What Does It Really Mean to Be Pre-Approved for a Credit Card?

By Steven Shaw on 1/29/2016

Credit Cards

What Does It Really Mean to Be Pre-Approved for a Credit Card?

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Have you ever received a message from a credit card issuer congratulating you on being pre-approved for a credit card? If so, don’t pat yourself on the back just yet. Being pre-approved might not means what you think it does.

How Did I Get Pre-Approved?

Although credit card issuers aren’t allowed to look at your credit history without your permission, they are allowed to purchase information in bulk from the major credit reporting agencies or other public and private sources. So if a card issuer wants to send marketing materials to potential borrowers who meet certain criteria, they can obtain a list of consumers that fall within a particular range of credit scores, incomes and even geographic locations. They can then send out a mailer to these consumers indicating that they are “pre-approved” for a particular credit card offer. Receiving this pre-approval means you met the general qualifications for that credit card offer at the the time the mailing list was purchased from the credit bureau.

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Does Pre-Approval Mean I’m Guaranteed the Credit Card?

Merely receiving a pre-approval notice does not in any way obligate the card issuer to approve your application. For example, your application could be rejected if your credit history has changed and your credit score has fallen since the list was compiled. In addition, your application could reveal information about your creditworthiness that is inconsistent with your credit history. For example, you might report a lower income on your application than was reported on the pre-approved list. Finally, the credit card issuer might pull your credit report from a different credit bureau than the one that was used to generate the pre-approval notice you received.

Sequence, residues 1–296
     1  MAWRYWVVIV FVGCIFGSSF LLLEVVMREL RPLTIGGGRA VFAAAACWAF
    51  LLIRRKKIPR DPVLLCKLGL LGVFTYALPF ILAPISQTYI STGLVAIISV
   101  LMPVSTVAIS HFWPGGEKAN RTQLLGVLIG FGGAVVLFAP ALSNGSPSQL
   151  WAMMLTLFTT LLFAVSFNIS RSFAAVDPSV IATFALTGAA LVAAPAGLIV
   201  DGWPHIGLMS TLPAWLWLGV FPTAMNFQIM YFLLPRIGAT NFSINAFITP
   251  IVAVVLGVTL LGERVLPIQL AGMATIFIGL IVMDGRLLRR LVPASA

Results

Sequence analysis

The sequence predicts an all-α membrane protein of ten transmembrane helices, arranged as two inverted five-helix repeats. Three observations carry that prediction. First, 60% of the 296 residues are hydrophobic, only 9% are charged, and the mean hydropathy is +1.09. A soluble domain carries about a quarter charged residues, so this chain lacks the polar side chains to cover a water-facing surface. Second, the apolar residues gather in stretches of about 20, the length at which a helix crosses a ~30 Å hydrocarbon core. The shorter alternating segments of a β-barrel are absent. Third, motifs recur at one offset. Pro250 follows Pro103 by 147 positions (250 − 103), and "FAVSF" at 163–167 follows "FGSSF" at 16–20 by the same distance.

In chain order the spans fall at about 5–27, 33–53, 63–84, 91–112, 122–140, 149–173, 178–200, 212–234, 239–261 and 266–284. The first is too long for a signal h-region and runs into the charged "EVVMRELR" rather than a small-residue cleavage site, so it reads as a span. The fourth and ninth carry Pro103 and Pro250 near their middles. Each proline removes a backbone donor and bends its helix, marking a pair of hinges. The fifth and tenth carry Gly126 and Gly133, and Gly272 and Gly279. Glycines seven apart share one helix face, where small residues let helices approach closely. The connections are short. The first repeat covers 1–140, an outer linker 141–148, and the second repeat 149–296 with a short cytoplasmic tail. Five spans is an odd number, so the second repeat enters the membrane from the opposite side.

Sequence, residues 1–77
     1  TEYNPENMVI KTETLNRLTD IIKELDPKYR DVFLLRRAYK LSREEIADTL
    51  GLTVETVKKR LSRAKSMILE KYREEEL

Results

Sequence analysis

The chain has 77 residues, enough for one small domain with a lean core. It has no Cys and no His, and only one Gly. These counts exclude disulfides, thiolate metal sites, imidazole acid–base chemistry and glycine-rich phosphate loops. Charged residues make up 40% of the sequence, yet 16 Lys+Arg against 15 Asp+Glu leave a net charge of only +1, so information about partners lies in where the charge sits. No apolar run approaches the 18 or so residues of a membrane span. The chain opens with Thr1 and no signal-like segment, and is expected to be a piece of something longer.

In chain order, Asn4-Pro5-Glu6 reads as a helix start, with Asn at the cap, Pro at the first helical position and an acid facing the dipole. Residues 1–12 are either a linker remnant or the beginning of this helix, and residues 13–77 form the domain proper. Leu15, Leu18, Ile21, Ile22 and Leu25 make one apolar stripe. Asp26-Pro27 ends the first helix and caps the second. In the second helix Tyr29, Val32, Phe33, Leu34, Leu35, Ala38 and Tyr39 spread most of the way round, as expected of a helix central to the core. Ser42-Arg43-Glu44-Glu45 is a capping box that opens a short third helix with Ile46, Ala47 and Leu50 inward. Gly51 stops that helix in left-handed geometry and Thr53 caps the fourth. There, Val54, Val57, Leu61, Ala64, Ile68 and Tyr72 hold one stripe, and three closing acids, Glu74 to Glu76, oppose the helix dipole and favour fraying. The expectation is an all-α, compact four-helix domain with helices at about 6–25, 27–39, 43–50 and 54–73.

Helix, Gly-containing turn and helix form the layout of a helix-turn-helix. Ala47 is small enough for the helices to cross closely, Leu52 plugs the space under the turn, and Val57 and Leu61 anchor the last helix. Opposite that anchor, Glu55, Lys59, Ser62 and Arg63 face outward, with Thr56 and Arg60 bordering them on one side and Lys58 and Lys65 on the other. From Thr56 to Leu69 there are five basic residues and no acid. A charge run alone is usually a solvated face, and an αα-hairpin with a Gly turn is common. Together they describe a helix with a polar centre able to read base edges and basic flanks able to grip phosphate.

What Should I Do If I Get Pre-Approved?

Pre-approval notices are generally a marketing strategy used to encourage consumers to apply for a new line of credit, but it certainly does not mean that the offer you received is the most competitive one available. Despite being pre-approved, you should always take the time to thoroughly examine the card’s terms and conditions and compare that offer against others. And, even if you ultimately choose to apply for that credit card, you should see if there are other offers available for the same card, but with better terms. It’s not uncommon for there to be multiple offers available for the exact same card, but with different promotional financing terms, sign-up bonuses or other incentives such as a card’s first annual fee being waived.

It’s also a good idea to check your credit before applying for a credit card. Credit card applications generally cause hard inquiries to appear on your credit report, which can ding your score, so you’ll want to be sure your current one can handle the hit and qualify you for the offer. (You can check your credit scores for free each month on Credit.com.)

What If I Don’t Want the Offer?

If you don’t intend to apply for the offer, you should shred or otherwise securely destroy the mailing so that it can’t be used to fraudulently apply for a credit card in your name. If you do not want to receive any more of these offers, you can go to OptOutPrescreen.com to have your name removed from these lists. (This is the official website used by all of the major credit bureaus to handle requests to opt in or opt out of offers for both credit and insurance services.)

By understanding what pre-approval means, and what it doesn’t, you can make the right decision the next time you receive one of these offers in the mail.

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Note: It's important to remember that interest rates, fees and terms for credit cards, loans and other financial products frequently change. As a result, rates, fees and terms for credit cards, loans and other financial products cited in these articles may have changed since the date of publication. Please be sure to verify current rates, fees and terms with credit card issuers, banks or other financial institutions directly.

Jason Steele has been writing about credit cards and personal finance since 2008, poring through the terms and conditions of credit card agreements to understand the minutiae of how these products work. His work has appeared on Yahoo, MSN, HuffingtonPost and other major news outlets. In his free time, Jason's a commercial pilot. He graduated from the University of Delaware with a degree in History. More by Jason Steele

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